Stopping the haters: students, teachers talk homophobia at school

One day senior and SAGA (Sexuality and Gender Alliance) president Abigail Morris was walking through the math hallway at ARHS, when she heard someone say something along the lines of “That’s gay, bro, don’t rape me.”

She quickly turned around and said, “That’s not cool!” The boys apologized and then walked away.

Some people are as bold as Morris and are willing to call out homophobia, but for others, hearing slurs toward their sexuality leads to hurt feelings, depression, and even self-destructive behavior.

A 2016 New York Times article called “Gay and lesbian high school students report heartbreaking levels of violence,” reported that eight percent of American high school students describe themselves as gay, lesbian or bisexual, which equals more than 1.3 million students.

Of those students, gay or lesbian high school students were three times more likely to be raped, and about a third had been bullied on school property.

They were also twice as likely as heterosexual students to have been threatened or injured with a weapon on school property.

More than 40 percent of these students reported that they had seriously considered suicide, and 29 percent made attempts to do so in the year before they took the survey.

The findings were first issued in a report released by the Centers of Disease Control in August of 2016, on the health risks faced by lesbian, gay, and bisexual high school students.

The data comes from the first nationally representative survey, conducted among more than 15,000 students in grades 9-12 in 2015.

The CDC analyzed the findings and explored additional data from 25 state surveys and 19 large urban school district surveys.

According to The New York Times, Debra Houry, an emergency medicine physician who directs the C.D.C.’s National Center for Injury Prevention and Control, said “the numbers argue for more comprehensive intervention and prevention programs.”

In a school as seemingly progressive as Amherst, homophobia is less obvious and its effects aren’t as damaging as they are often reported to be nationwide. Still, many students and staff members said they think homophobia is still present.

English department head Sara Barber-Just, who teaches LGBTQ Literature, said she has heard homophobic slurs used many times in her life, and that she always has a negative reaction.

“My metaphor is that I have a sort of ‘invisible list’ with people’s names on it in my head. Once they say or do something homophobic I talk to them first and try to help them understand why it’s hurtful,” she said. “I give them time. In some cases, quite a bit of time. But if they do it repeatedly, I cross them off my list. I lose trust in them.”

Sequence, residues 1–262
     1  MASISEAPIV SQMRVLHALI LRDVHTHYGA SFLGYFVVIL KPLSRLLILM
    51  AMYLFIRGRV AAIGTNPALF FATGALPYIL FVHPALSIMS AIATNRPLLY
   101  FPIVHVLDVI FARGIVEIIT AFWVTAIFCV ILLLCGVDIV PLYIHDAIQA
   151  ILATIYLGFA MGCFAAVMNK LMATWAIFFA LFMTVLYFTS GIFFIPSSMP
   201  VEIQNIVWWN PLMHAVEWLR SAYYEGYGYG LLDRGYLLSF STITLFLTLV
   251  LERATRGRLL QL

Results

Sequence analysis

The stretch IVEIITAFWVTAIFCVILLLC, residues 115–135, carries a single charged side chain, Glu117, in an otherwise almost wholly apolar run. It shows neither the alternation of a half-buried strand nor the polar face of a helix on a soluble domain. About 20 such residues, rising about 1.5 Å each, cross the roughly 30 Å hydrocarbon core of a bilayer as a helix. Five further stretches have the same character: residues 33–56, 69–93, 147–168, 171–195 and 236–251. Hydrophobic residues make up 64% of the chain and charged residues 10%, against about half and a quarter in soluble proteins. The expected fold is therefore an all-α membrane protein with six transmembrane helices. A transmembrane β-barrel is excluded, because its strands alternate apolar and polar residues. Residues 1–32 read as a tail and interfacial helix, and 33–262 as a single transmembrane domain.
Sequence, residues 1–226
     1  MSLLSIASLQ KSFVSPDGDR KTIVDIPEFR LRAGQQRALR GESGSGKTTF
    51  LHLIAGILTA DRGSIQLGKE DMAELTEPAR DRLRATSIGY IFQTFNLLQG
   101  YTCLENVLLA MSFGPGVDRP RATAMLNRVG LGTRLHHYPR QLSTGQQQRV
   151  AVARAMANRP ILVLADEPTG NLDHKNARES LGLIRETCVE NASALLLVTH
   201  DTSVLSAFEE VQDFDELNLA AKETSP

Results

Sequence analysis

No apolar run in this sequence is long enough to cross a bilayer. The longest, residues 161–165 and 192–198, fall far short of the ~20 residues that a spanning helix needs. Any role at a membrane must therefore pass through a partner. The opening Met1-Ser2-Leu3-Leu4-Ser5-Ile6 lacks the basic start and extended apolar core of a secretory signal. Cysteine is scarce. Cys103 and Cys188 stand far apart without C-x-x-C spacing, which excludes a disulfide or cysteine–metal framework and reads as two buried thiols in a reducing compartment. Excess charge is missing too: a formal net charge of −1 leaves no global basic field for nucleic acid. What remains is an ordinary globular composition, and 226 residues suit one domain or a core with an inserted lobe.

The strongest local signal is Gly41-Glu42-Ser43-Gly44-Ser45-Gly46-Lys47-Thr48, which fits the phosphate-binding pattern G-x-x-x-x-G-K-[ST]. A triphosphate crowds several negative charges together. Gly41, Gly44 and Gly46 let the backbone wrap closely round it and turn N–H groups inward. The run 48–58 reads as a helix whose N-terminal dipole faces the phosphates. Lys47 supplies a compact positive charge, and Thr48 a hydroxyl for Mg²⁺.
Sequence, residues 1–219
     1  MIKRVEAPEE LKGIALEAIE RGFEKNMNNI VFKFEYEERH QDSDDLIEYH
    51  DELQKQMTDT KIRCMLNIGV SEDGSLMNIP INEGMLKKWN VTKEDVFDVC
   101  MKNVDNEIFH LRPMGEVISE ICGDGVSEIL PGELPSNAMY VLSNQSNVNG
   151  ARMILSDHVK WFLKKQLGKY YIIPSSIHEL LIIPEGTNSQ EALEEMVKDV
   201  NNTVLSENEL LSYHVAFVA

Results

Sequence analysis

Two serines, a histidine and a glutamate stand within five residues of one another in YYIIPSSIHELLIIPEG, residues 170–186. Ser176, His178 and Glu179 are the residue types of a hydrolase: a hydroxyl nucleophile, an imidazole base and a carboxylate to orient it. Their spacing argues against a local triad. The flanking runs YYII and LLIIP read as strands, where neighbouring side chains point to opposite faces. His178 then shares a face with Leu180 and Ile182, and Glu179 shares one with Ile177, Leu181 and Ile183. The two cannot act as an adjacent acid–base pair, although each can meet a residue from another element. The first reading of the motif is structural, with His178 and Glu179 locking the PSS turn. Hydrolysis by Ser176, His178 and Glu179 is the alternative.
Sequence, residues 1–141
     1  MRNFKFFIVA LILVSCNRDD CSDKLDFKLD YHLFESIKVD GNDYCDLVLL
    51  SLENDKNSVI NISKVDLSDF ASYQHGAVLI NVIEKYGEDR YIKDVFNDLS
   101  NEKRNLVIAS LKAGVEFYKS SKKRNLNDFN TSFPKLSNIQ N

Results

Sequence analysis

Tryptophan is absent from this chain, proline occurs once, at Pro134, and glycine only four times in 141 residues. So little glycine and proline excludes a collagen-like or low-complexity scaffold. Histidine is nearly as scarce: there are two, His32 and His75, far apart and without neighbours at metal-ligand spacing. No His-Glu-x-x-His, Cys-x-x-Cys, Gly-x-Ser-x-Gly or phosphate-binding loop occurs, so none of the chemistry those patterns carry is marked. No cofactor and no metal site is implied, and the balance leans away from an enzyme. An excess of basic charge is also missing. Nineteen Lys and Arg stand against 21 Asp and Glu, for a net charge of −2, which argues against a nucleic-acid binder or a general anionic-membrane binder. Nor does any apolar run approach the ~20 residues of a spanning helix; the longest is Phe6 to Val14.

Many people I spoke to who expressed homophobic views admitted to absorbing these beliefs in their home. A junior at ARHS said he learned much of his homophobia from his family. His parents and his grandparents are opposed to gay marriage, so as a result, he is too.

“I was was raised Catholic,” he said. “My grandparents were especially against it. One day, there was a wedding of a family friend. When my grandmother found out there was going to be a gay couple at the wedding, she banned me from attending.”

Though he admitted to knowing and liking gay people, like Ms. Barber-Just, he nevertheless said he uses gay slurs and might feel differently if a friend admitted to him they were gay.

He said he has no known gay or lesbian friends or family members, and said that he thinks “it’s a choice.”

“I don’t hate [gay people],” he said, but acknowledged being uncomfortable with the topic.

All that said, he said that when he’s “face to face with a gay person” he treats them with respect.

Morris said she has experienced homophobia and gay slurs more than once at school. Morris says it’s mostly use of the word “faggot” and the phrase, “That’s gay.”

Morris believes that teachers “not saying anything” makes it worse. “Some teachers get uncomfortable, and they don’t do anything about it,” she said. But she had high praise for those who intervene.

Morris said that whenever she hears or sees homophobic behavior she doesn’t hesitate to call it out. She said that most of the time, “[the offenders] get scared and then they stop or apologize.”

Morris believes that in the last few years “the political climate has made homophobia more acceptable” and that interrupting it is more important than ever before.

Ms. Barber-Just and Morris agree that positive exposure and education are the two most important things to end homophobia. Ms. Barber-Just said that the LGBTQ Literature class, open to any eleventh or twelfth grade student, is a great class for getting educated. “Once people take it, they are usually a lot more willing to confront anti-LGBTQ bias,” she said.

Morris said that seeing openly gay teachers had “a huge positive impact” on her. “Seeing normal gay people making money and having successful lives has been very inspiring and eye opening,” she said.

To help challenge homophobia even more, SAGA plans to hold a teacher workshop on how to deal with homophobia in the classroom.